The overt projection of Modi’s backward case is to project him as a combination of “Mandal” (the Mandal commission) and “Kamandal”(a term used to denote Hindutva), the two phenomena that changed political landscape of north India and possibly the nation in last two decades. In this context, his supporters are already toying with the idea of Modi contesting the next Parliamentary elections from UP, preferably from one of the urban seats, Lucknow, Allahabad or Kanpur. The BJP won 58 seats from UP in 1998, but since 1999 parliamentary elections the party’s tally has been on a continuous slide. Modi has his protégé Amit Shah posted as party’s in-charge of UP, and the former Gujarat deputy chief minister will soon begin his UP campaign.

His party believes that Modi’s new status has rattled his rivals, and they point to Nitish Kumar’s statement that no one could become leader of backward classes just because of being born into it. The BJP’s response to Nitish Kumar’s continuous attack on Modi has been varied. One section expressed its concern on the grounds that Modi would be targeted over the 2002 communal riots in Gujarat under his watch, and the fact that no single party might be able to come to power without varied alliances. However, another group in the party believes that after the elections the Modi-led BJP will have such a high seat tally that new allies would naturally gravitate towards the party.

A party leader, who was present in the strategy session with Modi, said the Gujarat Chief Minister was acutely aware that he had to substantially increase on the party’s vote percentage as well as is support base in  south and east India. In the last parliamentary elections the BJP’s vote share reduced to around 18.5 percent, as against Congress’s vote share of around 28.5 percent. The BJP got 116 seats and the Congress got 206. Though the Congress’s gain in vote share was only 2.5 per cent,  it had strong allies.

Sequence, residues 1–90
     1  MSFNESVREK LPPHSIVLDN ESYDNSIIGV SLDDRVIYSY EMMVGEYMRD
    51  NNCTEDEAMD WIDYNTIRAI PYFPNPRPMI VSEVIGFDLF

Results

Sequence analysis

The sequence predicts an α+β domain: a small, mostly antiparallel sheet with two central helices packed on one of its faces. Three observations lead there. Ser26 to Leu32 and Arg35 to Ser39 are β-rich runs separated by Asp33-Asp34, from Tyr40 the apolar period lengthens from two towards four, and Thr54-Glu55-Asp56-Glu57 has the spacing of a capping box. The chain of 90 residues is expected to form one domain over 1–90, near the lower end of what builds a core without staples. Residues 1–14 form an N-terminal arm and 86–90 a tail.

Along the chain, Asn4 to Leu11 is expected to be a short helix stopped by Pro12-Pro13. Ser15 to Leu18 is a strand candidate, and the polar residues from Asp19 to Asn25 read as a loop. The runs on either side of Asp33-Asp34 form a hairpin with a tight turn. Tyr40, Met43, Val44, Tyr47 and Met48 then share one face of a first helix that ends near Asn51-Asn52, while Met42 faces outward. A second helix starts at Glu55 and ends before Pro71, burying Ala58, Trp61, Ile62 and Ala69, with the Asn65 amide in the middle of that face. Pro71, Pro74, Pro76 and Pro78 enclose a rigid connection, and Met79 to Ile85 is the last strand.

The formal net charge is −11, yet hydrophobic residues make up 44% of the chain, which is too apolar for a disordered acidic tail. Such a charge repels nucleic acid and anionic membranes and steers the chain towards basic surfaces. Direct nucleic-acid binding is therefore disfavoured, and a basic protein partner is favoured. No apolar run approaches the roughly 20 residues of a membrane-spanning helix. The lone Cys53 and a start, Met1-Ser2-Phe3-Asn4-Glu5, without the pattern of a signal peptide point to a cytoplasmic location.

The BJP had around 26 percent of the votes when it got a high of 182 seats in 1998. It roughly retained that peak in 1999, but at that time it had solid allies in all parts of the country like the DMK, TDP, TMC, BJD JD(U) and there were a total of 24 allies. In Jharkhand and Karnataka the party was a united force. However, presently in both  states the party has since split down the middle.

The BJP now has to count on personal charisma of Modi, perhaps much more than it had to count on Atal Bihari Vajpayee’s when the veteran leader was at peak of his popularity. Modi supporters believe that their leader’s modern day charisma among the urban middle class and rural areas could match the popularity of Indira Gandhi. He may not have physically reached out to the hinterland or even all urban centres, but his reputation as a strong administrator had already reached every household. They are hopeful that a “non-functional corrupt Manmohan Singh regime” at the helm will give them a decisive edge when the electorate has to choose between Modi and Rahul Gandhi.

Uttarakhand: Cong could learn from ‘Rambo’ Modi’s rescue model

http://www.firstpost.com/politics/uttarakhand-cong-could-learn-from-rambo-modis-rescue-model-901315.html

by Jun 24, 2013

The Congress’s response to Narendra Modi’s supposed Rambo act has been two fold – its senior leaders taking to Twitter, issuing statements running him down with whatever vocabulary they could summon; and second, let party vice president Rahul Gandhi, who faced severe criticism from the opposition for his disappearing act at the time of a national calamity, make a grand appearance with mother, Congress president Sonia Gandhi, at the party headquarters in New Delhi to flag off 25 trucks carrying relief material to Uttrakhand. The whole exercise looked more like a Presidential salute at the Republic Day parade rather than a sincere helping hand to the victims of the natural disaster.